California Tahoe Conservancy awards millions to environmental projects
The California Tahoe Conservancy Board approved funds for four projects related to reducing fire risk and improving water quality in the Lake Tahoe Basin at its recent board meeting.
“The projects approved today will provide benefits in some of the most urbanized and populated areas of the Lake Tahoe Basin,” said Larry Sevison, the Conservancy’s Chairman of the Board, on Sept. 15. “These projects will lower fire risk within communities on the north and west shores and improve water quality and watershed health on two water bodies that flow through developed areas of South Lake Tahoe.”
The Conservancy awarded $1.1 million in Proposition 1 funds to El Dorado County for a stream environment zone and erosion control project in Meyers. The project will reconnect Meyers Creek to its natural floodplain and stabilize eroding channels to improve wildlife habitat, increase groundwater recharge and improve water quality.
Another $1 million, including over $750,000 in federal funds, was authorized to reduce fire risk and improve forest health on 881 Conservancy-owned parcels on the north and west shores of Lake Tahoe. The North Tahoe Fire Protection District will implement this project over the next three to five years.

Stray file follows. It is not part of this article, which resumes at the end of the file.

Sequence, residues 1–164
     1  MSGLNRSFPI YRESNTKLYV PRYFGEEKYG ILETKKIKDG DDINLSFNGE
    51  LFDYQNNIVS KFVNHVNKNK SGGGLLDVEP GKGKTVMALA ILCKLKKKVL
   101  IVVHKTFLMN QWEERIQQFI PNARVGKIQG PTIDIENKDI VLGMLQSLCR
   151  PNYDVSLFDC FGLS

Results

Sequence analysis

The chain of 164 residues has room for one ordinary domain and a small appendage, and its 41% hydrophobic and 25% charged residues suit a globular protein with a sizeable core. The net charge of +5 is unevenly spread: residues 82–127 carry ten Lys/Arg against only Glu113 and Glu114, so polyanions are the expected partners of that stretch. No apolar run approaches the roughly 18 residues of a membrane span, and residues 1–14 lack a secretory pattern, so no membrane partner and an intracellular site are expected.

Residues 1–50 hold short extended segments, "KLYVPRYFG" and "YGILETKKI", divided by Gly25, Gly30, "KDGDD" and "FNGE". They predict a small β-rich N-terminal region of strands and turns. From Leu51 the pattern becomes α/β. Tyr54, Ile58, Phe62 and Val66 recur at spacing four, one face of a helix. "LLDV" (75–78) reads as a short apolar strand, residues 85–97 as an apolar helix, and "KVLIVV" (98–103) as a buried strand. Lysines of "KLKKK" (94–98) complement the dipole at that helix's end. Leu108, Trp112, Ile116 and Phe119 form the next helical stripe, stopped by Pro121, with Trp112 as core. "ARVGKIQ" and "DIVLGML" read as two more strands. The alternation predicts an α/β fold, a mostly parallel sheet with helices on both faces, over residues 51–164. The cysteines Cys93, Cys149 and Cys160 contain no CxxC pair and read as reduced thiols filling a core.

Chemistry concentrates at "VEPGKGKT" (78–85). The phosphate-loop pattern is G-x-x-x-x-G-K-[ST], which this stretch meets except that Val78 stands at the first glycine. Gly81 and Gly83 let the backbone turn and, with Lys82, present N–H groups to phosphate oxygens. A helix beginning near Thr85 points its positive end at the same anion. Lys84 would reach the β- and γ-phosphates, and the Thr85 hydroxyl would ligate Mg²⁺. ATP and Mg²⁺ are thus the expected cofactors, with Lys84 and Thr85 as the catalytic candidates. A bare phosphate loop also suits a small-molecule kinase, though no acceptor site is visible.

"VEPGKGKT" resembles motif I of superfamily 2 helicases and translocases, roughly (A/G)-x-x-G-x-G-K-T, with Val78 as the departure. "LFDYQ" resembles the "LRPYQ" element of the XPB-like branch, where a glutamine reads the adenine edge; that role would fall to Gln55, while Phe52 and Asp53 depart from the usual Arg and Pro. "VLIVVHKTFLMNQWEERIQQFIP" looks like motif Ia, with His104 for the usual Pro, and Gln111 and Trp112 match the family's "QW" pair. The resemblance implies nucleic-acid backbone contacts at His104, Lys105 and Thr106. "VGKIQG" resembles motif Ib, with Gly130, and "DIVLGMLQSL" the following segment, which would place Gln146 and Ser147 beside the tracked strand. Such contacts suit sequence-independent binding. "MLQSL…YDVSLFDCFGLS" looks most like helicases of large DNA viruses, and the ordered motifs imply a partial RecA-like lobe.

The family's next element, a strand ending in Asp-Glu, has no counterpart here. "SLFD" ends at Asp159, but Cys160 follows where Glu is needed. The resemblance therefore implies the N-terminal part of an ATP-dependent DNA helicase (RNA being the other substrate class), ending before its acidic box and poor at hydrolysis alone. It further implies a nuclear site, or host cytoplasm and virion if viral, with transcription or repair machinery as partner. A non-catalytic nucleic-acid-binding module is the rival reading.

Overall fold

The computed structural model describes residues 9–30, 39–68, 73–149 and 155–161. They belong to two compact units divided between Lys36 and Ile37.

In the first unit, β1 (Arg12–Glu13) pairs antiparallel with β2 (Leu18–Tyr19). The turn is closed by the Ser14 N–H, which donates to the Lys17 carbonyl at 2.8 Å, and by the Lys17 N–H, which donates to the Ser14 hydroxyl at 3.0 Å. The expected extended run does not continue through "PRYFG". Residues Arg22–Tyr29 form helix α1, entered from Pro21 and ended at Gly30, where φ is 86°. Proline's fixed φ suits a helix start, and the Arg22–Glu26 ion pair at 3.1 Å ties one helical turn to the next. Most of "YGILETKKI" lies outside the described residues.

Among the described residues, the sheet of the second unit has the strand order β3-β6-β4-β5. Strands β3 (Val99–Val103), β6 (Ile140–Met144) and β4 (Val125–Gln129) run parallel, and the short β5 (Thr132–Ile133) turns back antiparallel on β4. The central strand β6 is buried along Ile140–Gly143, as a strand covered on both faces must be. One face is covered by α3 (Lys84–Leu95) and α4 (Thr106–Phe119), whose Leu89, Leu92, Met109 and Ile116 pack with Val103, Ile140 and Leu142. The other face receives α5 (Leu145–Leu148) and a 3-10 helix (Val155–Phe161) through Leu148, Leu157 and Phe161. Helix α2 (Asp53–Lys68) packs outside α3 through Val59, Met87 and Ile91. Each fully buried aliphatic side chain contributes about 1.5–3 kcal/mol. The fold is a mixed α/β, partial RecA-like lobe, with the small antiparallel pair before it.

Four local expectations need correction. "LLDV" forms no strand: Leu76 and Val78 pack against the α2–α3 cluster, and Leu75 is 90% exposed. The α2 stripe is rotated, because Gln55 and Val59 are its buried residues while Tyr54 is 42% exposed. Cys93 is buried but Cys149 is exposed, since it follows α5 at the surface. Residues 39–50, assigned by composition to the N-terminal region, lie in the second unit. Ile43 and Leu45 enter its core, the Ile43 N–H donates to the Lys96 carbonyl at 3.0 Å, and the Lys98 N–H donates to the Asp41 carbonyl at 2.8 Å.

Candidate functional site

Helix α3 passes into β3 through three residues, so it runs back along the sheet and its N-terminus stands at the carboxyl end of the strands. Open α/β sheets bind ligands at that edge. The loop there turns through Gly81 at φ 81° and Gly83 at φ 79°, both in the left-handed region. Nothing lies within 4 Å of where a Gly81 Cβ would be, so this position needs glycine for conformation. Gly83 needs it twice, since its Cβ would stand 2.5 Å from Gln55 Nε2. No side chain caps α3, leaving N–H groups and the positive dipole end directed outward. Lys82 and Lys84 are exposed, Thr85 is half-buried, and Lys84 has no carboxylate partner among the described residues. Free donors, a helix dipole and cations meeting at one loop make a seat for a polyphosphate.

The city of South Lake Tahoe received $397,900 from the Conservancy to investigate opportunities to restore and enhance the lower Bijou Park Creek watershed. The planning effort will look into potential water quality, storm water and restoration projects for the creek.
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The Conservancy board also accepted and agreed to spend $69,575 to develop another project alternative for the Kings Beach General Plan Revision and Public Pier Rebuild Project.
Lastly, the Conservancy authorized pre-sale activities on four Asset Lands located near the “Y” in South Lake Tahoe. There are no buyers for these parcels yet.
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